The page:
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Venous Access Device


Types of Long-term Venous Access Devices

Risks or Complications

Placing the Venous Access Device

What to Expect after Surgery

Care of your Venous Access Device



Your doctor has requested that you have a long-term Venous Access Device inserted to administer medications, nutrition or blood. 


The insertion of the Venous Access Device involves the placement of a plastic intravenous tube (catheter) through your skin and into a vein.  Please read this form so that we can be sure you understand the risks and complications potentially associated with this procedure. 


Please question your surgeon or nurse about anything that you do not understand.


Two types of long-term intravenous Venous Access Devices


  • External catheter (Broviac or Hickman catheter)

ALT This is a soft, flexible tube that is tunneled under the skin of the chest and inserted into a large vein near the heart. These catheters have a single or double tube or "lumen". Tunneled catheters can eliminate the need for needle sticks and assure ready access to the blood stream. They require daily care; some home nursing support and restrict bathing and swimming.


  • Totally implanted catheter (portacath or mediport)

ALT A portacath or "port" is comprised of two components, a self-sealing injection port and a catheter that enters the vein. The port and catheter are placed entirely under the skin using a small incision. There will be bump on the chest wall where the injection port is located. This is the site where the access needle is placed. Ports assure ready access to the blood stream with no daily home care or restricted bathing or swimming. They require monthly access and flushing to prevent plugging, if not in use for other purposes.


Risks or Complications

The insertion and use of long term Venous Access Devices is very safe. However, you need to understand the risks and complications.


The potential complications that may occur during insertion of the Venous Access Device include but are not limited to the following:

  • Puncture or collapse of a lung (pneumothorax)
  • Injury to a vein or artery in the chest or neck
  • Injury to nerves to the chest or neck
  • Bleeding into the neck (hematoma) or chest (hemothorax)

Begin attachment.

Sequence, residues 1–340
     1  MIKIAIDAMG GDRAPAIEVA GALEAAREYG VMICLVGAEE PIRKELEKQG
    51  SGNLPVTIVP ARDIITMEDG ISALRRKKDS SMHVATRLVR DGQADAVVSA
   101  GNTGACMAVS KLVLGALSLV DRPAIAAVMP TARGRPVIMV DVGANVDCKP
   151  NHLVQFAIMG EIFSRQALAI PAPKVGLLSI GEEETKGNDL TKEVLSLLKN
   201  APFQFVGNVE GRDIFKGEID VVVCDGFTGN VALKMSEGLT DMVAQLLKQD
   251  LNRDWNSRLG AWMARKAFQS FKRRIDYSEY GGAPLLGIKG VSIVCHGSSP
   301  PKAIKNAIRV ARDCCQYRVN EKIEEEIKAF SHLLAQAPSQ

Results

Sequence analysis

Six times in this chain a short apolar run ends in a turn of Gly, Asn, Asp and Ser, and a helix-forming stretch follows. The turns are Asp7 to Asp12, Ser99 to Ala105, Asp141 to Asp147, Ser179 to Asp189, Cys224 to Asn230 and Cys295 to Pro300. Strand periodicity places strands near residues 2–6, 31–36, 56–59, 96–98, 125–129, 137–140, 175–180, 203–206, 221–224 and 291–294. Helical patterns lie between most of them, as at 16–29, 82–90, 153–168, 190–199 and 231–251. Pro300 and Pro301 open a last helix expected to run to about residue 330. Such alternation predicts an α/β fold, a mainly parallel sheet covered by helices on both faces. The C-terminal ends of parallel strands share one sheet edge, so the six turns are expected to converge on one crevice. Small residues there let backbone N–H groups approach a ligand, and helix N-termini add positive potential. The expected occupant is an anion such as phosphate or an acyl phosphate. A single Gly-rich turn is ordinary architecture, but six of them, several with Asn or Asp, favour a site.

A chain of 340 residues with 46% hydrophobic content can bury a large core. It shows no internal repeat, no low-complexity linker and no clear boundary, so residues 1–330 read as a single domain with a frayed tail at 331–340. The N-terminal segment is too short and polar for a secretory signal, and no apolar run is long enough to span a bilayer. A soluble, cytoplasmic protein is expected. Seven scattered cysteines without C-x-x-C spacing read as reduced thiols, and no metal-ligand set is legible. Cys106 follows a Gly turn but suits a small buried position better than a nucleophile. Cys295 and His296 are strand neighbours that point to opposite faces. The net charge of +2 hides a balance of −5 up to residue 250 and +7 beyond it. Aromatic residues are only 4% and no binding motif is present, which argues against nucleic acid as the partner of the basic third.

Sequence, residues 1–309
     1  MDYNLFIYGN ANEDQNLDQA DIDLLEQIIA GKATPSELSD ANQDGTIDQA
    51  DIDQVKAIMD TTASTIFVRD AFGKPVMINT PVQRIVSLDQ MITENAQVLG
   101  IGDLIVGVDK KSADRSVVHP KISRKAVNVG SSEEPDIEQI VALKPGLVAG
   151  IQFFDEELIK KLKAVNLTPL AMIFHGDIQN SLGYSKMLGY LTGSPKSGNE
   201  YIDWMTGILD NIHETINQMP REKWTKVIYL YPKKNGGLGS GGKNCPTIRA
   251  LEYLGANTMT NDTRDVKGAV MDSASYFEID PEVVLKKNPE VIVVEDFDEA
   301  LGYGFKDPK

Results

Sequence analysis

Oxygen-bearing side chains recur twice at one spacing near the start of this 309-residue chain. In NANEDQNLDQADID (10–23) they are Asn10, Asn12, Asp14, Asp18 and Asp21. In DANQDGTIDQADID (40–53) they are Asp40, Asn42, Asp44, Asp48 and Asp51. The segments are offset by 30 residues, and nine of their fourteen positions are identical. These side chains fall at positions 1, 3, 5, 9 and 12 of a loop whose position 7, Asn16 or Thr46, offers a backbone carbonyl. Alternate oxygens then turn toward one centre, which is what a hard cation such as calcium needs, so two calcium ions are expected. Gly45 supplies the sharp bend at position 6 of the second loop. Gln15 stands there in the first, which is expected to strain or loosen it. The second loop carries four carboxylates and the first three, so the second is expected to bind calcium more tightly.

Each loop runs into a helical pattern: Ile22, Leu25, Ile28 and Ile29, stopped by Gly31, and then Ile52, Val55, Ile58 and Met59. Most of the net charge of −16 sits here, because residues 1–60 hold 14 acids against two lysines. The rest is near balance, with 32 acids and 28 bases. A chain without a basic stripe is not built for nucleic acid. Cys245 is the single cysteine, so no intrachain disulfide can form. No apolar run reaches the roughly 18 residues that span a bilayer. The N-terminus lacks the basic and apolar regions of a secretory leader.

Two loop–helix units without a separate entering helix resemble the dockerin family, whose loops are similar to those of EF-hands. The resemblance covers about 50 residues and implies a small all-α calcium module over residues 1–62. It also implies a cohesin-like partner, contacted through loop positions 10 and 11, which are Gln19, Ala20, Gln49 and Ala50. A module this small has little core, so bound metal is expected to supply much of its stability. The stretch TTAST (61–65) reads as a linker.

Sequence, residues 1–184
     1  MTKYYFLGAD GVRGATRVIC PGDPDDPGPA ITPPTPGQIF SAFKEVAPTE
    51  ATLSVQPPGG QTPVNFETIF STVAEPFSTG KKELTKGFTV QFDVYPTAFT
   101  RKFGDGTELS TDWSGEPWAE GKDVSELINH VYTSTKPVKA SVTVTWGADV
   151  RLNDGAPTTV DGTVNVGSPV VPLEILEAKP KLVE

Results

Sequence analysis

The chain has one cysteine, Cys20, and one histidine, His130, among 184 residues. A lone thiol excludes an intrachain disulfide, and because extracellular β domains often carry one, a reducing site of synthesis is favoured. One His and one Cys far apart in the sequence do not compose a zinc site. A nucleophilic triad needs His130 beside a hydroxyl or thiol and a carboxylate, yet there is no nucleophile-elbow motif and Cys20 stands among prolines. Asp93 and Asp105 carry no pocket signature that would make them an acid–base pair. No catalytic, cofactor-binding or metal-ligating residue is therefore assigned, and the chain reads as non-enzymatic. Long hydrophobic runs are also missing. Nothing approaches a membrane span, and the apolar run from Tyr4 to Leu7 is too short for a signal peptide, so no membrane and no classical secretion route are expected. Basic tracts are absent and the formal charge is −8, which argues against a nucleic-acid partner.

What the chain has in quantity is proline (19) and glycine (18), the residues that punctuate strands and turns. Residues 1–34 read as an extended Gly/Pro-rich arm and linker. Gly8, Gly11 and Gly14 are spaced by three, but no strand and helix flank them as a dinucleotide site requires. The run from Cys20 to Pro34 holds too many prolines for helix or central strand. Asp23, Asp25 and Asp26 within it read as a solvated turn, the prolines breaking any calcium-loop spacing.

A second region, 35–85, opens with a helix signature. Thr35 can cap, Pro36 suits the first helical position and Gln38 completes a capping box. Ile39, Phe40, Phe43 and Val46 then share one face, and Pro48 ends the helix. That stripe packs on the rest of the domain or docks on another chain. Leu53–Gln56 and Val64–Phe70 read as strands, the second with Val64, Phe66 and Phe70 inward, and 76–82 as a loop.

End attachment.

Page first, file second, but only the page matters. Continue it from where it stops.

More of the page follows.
• Irregular heartbeat (arrhythmias)
  • Puncture of the heart leading to bleeding (cardiac tamponade) 
  • Introduction of excessive air into the blood stream (air embolism)


Long term risks of the Venous Access Device include but are not limited to the following:

  • Infection of the catheter leading to a blood borne infection (bacteremia or septic shock)
  • Blood clots of the veins in the arm, chest or neck (thombosis or thrombophlebitis)
  • Catheter malfunction including rupture and leakage of blood or drugs
  • Catheter disconnection or migration of the catheter into the heart
  • Erosion of port or catheter through skin and/or blood vessel
  • Rejection of the device by the body


Placing the Venous Access Device

The surgeon will place your Venous Access Device while you are in the operating room. To assist with location of the catheter, X-ray contrast medium may be injected into the catheter and X-ray pictures taken to confirm that the catheter is correctly positioned.


An IV will be started in your arm or hand for medicine to help you to relax (sedation). You will be given an antibiotic through your IV during the procedure to reduce the risk of infection  The surgeon will use a local anesthetic to numb the chest, neck and shoulder. Although you may be aware of the activity around you and feel some pressure on your chest, you should not feel any pain.  You may even fall asleep during the procedure.


The surgeon will make two small incisions. 

  • The first incision is made at the collarbone or the neck. It is used to place the catheter into the vein in the chest or neck. 
  • The second incision is made on your lower chest. The catheter is placed under the skin from the first incision to the second. 

Both incisions will be held together by stitches or a special tape.


What to expect after surgery

After surgery, you should expect some bruising, swelling and tenderness on the side of your body where the Venous Access Device is placed. These changes will go away after 24 – 48 hours. If needed, you may take pain medicine. Your incisions will heal in about 7 – 10 days.


Call you doctor or nurse at the numbers you entered on this page, below, if you have any of the following:

  • Increased bruising, swelling, tenderness
  • More pain or redness at your incision sites
  • Fever or chills
  • Shortness of breath
  • Dizziness
  • Increased bleeding or drainage from your incisions
  • Any problems with your Venous Access Device


Care of your Venous Access Device

Specially trained nurses will be able to help you with instructions to care for your Venous Access Device.  Your nurse or doctor will answer questions you may have about resuming activities.



Your doctor is:  ______________________________________ 

Phone number:   _____________________________________


Your nurse is:  ______________________________________ 

Phone number:   _____________________________________